To ensure all medicines are produced to the highest quality, pharmaceutical manufacturers around the world are subjected to strict regulations. The problem is, monitoring the conditions in a manufacturing facility 24/7 requires high-end, often costly networking technology. Here Ian Loudon, international sales and marketing manager at Omniflex, discusses how temperature monitoring systems can be cost effective, reliable and compliant with regulatory standards. 

Installing devices for electronic record keeping — for example, temperature sensors that monitor laboratory conditions — can be an expensive process. Companies previously opted for manual auditing on paper records, rather than overhauling a laboratory’s electrical infrastructure, because the latter can be expensive both in installation costs and laboratory downtime.

However, the FDA’s standard operating procedures for now dictate that 24/7 data logging of lab conditions, including temperatures, is necessary to ensure compliance. Some study grants even require that , which means access to electronic records is limited to authorised individuals, reducing the risk of data manipulation.

So, can you be compliant without spending lots of money?

A financial trade-off

It’s true that your temperature sensors will only gather data from one point in a room, fridge or freezer. Therefore, for a clearer representation of the temperature conditions in a laboratory, you may need multiple sensors installed throughout. This can be costly, particularly if you are monitoring a large facility.

Many technicians choose to monitor temperatures readings manually, using a clipboard and spreadsheet. However, manual methods rely on staff constantly being onsite, placing unnecessary pressure on them as they juggle maintaining laboratory conditions and fulfilling their normal responsibilities. Furthermore, manual record keeping can only reflect conditions at the time of reading. Staff are unable to immediately identify problems that arise between recording intervals.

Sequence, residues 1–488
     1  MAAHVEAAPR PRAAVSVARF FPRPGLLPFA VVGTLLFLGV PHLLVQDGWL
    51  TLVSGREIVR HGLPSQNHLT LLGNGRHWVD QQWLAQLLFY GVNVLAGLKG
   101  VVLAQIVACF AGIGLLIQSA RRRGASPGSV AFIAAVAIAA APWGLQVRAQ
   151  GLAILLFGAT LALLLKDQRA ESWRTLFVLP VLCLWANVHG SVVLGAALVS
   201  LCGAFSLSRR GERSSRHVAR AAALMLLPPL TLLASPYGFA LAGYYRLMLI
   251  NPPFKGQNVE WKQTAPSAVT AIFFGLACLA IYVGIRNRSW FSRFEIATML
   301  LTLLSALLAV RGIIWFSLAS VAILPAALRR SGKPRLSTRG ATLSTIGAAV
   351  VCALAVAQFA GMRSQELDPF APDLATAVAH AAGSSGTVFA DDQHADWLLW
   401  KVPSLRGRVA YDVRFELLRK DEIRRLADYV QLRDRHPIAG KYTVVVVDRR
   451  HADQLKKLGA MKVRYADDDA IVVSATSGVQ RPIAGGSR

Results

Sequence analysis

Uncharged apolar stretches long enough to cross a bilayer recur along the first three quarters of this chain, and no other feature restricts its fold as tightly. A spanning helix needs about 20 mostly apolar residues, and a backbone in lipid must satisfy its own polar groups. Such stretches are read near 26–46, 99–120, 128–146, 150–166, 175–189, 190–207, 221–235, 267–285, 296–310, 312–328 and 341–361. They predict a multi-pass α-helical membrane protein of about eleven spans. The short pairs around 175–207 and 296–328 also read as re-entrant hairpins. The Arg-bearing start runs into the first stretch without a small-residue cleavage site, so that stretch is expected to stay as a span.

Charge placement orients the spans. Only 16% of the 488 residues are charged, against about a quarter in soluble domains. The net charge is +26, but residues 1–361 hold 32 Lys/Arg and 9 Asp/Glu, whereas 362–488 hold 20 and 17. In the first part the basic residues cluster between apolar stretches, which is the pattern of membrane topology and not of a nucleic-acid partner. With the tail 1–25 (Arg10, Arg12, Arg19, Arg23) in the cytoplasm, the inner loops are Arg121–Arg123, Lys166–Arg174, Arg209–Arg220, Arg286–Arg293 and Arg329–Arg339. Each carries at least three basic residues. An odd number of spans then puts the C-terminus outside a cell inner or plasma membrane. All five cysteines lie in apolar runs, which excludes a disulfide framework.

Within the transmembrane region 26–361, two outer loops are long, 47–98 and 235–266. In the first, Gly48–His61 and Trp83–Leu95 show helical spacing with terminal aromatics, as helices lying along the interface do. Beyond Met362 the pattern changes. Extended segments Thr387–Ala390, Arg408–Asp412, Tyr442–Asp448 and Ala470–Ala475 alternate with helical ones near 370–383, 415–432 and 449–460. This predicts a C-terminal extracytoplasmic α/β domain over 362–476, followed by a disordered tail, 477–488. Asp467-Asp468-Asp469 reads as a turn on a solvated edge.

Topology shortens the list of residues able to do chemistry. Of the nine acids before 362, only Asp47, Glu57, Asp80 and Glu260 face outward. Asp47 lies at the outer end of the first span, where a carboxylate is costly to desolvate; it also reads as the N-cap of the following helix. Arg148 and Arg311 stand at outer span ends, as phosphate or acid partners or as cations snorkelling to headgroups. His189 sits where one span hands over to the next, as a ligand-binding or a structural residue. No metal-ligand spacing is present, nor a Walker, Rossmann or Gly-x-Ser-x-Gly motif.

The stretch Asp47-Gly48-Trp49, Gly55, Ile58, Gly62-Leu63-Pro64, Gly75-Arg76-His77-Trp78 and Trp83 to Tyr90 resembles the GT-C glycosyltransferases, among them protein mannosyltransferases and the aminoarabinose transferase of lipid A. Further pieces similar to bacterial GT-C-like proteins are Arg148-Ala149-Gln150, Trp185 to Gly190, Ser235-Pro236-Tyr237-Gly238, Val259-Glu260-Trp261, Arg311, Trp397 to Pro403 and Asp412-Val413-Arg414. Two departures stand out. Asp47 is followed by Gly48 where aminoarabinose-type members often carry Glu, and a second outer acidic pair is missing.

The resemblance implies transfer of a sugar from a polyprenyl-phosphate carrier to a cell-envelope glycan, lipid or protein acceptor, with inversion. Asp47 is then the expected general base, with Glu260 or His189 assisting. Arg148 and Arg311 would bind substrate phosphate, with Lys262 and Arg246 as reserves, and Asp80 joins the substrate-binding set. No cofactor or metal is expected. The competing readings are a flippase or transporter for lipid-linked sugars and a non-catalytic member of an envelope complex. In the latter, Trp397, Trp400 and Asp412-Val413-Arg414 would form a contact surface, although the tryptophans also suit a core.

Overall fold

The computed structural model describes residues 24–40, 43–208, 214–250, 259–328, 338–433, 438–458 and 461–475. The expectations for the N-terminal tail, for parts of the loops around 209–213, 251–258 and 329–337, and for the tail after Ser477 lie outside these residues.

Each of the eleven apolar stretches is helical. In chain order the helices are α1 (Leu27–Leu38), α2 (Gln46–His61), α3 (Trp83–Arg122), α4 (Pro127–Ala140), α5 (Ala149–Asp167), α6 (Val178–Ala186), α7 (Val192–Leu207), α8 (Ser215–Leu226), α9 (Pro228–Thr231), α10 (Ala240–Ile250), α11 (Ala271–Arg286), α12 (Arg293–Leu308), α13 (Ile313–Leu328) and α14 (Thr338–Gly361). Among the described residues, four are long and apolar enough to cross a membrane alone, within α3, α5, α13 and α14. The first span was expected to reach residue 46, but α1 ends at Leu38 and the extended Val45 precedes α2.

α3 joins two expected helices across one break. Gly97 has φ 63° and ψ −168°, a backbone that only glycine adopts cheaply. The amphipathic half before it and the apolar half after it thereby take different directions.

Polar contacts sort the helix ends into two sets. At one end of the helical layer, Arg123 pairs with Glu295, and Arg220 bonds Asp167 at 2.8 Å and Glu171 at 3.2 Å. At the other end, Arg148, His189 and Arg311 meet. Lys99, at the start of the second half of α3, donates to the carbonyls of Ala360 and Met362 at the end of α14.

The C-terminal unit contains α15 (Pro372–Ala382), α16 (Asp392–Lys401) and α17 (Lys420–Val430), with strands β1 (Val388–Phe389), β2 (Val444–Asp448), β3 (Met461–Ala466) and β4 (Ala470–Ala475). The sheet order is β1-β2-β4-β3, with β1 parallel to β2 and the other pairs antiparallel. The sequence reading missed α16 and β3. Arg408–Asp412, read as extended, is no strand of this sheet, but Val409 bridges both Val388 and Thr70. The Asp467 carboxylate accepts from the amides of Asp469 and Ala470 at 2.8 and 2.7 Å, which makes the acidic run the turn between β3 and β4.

For example, if the temperature of a fridge were to fluctuate while a lab is unmanned, valuable research assets being stored could become comprised. Pharmaceutical companies may then find themselves paying the price of larger labour costs to replicate experiments, as well as the costs of wasted research materials. In a worst-case scenario, if they are not complying to GLP, they could be financially liable. Therefore, companies must be cost-effectively keeping records that are reliable, compliant and cannot be manipulated.

Monitoring made simple

Temperature monitoring systems can be cost-effective, easy to configure and install onsite and have a wide temperature coverage. For example, manufacturers can place plug-in sensors around a laboratory, in dry storage, fridges and freezers for continuous data recording. Using a cloud-based network, one DIN rail mounted controller can support up to 80 sensors, which feeds the data back to a temperature monitoring station.

An example of this set up is the Teleterm mLC8 mounted controller networked to Omniflex’s microLAN system. Each mLC8 device has eight microLAN ports, each one capable of sharing a two-wire cable for supporting ten sensors. Because wiring is kept to a minimum, installation is easy, non-disruptive and can be fitted into the existing infrastructure.

This technology is more cost-effective and efficient than manual equipment monitoring, helping companies save on manual labour and reducing the risk of damaging research materials. However, to be fully compliant to FDA 21 CFR Part 11, which suggests any manual recordings could be manipulated, pharmaceutical companies must consider archiving chronology of all operating parameters.

For remote temperature monitoring, Omniflex’s Data2Desktop system provides this. Installed using GSM services, Data2Desktop records a 24/7 repository of temperature data that users can access remotely through standard web browsers with designated logins for auditing or post-event analysis. The system can also send out real-time SMS or email alerts in the event of an abnormal temperature variation to help protect critical research assets.

Importantly, data is collected automatically, free from manipulation, and can capture any errors.


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